Three-dimensional frame elements require user input for the local element axes. Although the local axis points from node I to node J, there is no automatic way to define the local and axes, i.e., how the section axes line up with the element. In two-dimensions, this is not an issue because the local axis coincides with global , perpendicular to the – plane of the model.
In OpenSees, the user must specify , a vector in the local – plane of 3D frame elements. Then, the geometric transformation class computes the local axis from , followed by the local axis from . Note that the vector can be the actual local axis, but it cannot be equal to .
I’ve never liked this approach to specifying the orientation of 3D frame elements. I have a hard time figuring out a vector in the – plane because I am not very good at geometry. But, even for people who are good at geometry, it is very easy to rotate the local and axes with this approach.
Consider the beam shown below. If we switch the I and J nodes but keep the same , the local and axes rotate by 180 degrees. This lack of invariance can be a problem when defining member loads along the local axis to produce bending about the axis, e.g., for beams in a 3D frame model.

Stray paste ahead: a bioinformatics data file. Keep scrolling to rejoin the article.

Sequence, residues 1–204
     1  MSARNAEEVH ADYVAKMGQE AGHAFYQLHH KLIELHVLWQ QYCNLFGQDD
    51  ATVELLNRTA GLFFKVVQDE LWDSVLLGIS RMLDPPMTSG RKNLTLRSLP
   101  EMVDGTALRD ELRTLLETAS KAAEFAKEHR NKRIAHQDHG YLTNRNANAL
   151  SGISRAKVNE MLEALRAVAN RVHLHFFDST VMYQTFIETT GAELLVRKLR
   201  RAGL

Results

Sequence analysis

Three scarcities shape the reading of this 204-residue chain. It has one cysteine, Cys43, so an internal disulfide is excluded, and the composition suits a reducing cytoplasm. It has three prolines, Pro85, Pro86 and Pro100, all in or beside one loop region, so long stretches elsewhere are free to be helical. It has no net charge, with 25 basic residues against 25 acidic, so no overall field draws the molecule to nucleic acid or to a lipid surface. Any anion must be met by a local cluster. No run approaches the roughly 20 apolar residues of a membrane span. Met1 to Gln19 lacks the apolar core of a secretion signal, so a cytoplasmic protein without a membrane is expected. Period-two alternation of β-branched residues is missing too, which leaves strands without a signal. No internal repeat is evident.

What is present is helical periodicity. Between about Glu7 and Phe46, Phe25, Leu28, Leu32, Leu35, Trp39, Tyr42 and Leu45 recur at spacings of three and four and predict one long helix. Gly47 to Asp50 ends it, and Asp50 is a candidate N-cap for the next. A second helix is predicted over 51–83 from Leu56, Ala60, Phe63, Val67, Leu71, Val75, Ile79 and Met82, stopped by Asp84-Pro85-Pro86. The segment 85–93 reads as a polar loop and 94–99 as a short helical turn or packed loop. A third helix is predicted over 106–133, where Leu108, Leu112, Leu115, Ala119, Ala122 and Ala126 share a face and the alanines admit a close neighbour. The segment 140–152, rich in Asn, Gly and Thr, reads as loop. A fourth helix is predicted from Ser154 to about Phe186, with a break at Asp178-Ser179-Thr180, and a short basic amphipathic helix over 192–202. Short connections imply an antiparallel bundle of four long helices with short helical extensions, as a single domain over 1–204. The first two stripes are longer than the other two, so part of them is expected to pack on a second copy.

Specifying a vector in the local – plane, let’s call it , would resolve the lack of invariance for the local axis. First compute local from , then compute local from . The local axis is flipped, but that is not too important when you’re applying member loads only along the local axis.
But this post isn’t about member loads in 3D, nor is it about writing new constructors that take as input to the 3D geometric transformation classes. This post is about figuring out the input for OpenSees 3D frame elements without causing a migraine. So, if you want to define your elements such that global vertical is in the local – plane, take an extra step in your input file and let Python calculate the local – vector that OpenSees expects.
# Local x-axis from nodal coordinates XYZI = ops.nodeCoord(ndI) XYZJ = ops.nodeCoord(ndJ) xaxis = np.subtract(XYZJ,XYZI) # Vectors in the local x-y and x-z planes vecxy = [0,1,0] # What you want (vecxy is global vertical) vecxz = np.cross(xaxis,vecxy) # What OpenSees expects ops.geomTransf('Linear',1,*vecxz)
In addition to elements that lie in a global horizontal plane, this approach will produce the correct local axes for inclined elements that are axisymmetric about the global vertical axis. This is good news for vectorphobes like me. Of course, elements whose local axis aligns with global vertical remain a special case.